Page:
Backward language, style and youth identity in an Indonesian elite school
Author: Irfan Rifai (University of PGRI Adi Buana Surabaya)
Speaker: Irfan Rifai
Topic: Language, community, ethnicity
The (SCOPUS / ISI) SOAS GLOCAL CALA 2019 General Session
This article describes empirical evidence about backward language which is utilised as one of the ways to assert identity in an urban Indonesian high school. In a more specific, this study focuses on how the backward language can be a means of expressing individuals, group and school identity and how their investment of their identity influenced by the social, cultural and educational factors. Drawing on ethnographic research method for more than 5 months in an urban high school in Jakarta, the research findings show that when the social, cultural and educational factors within the school incline to index the identity formation through the using of backward language closely related to school violence activities, there has been a shifting function of the language – from mundane interactions to the practices of concealing ‘illegal’ activities within the school. The possible reason behind this indexical identity formation is due mainly that the backward language has been widely used by many people outside the school and the students tend to seek an alternative use of backward language to maintain their Identity, and school violence is available and a suitable arena for legitimation of Identity construction. This research findings, therefore, reiterate the view that identity is constructed, negotiated and contested.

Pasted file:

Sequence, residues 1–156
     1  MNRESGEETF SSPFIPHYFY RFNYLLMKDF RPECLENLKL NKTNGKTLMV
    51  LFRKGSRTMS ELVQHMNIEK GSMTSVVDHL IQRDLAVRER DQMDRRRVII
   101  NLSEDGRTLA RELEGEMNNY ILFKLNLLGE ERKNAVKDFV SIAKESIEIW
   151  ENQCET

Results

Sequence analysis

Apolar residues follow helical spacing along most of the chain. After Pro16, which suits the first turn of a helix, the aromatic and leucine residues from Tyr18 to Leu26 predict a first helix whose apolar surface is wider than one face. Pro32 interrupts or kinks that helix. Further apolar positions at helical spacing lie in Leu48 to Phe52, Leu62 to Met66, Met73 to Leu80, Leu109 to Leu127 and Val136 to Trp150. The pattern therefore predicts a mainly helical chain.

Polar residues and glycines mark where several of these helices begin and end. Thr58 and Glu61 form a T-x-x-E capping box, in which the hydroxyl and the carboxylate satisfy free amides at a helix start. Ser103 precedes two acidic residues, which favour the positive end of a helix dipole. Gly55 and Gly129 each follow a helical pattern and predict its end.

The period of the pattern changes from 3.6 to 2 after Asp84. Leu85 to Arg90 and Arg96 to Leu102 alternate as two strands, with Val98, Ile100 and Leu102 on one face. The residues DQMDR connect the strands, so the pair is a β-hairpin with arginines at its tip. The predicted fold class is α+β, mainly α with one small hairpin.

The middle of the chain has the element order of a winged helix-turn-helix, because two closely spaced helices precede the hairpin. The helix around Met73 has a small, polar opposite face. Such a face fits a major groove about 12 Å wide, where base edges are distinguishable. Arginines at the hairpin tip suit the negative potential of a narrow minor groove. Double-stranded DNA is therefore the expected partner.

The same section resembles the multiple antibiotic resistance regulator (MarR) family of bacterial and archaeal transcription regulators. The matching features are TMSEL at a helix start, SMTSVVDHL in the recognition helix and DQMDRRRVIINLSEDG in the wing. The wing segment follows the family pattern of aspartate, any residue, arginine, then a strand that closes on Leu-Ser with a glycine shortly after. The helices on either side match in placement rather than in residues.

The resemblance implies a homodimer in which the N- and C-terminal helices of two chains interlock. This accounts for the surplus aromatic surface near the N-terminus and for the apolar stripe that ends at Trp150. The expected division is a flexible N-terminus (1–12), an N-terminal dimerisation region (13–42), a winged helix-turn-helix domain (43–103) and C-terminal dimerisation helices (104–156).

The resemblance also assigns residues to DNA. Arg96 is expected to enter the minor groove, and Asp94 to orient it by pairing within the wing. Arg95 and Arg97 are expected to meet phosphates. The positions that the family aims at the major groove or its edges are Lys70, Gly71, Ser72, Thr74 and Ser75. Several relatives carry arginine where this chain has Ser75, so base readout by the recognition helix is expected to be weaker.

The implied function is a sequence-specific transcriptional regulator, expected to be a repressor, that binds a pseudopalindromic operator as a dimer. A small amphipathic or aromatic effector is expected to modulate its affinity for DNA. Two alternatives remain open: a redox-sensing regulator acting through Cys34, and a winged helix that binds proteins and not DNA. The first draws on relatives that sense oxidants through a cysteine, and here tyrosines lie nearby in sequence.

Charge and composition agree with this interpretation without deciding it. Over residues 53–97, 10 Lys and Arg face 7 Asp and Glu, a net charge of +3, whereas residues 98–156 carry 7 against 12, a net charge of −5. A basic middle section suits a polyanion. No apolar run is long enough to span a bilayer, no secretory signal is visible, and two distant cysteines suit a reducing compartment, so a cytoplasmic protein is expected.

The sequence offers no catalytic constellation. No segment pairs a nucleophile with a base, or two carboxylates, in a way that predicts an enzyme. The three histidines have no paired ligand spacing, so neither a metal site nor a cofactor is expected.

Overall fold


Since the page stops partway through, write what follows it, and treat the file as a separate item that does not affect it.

Keywords: backward language, identity, elite school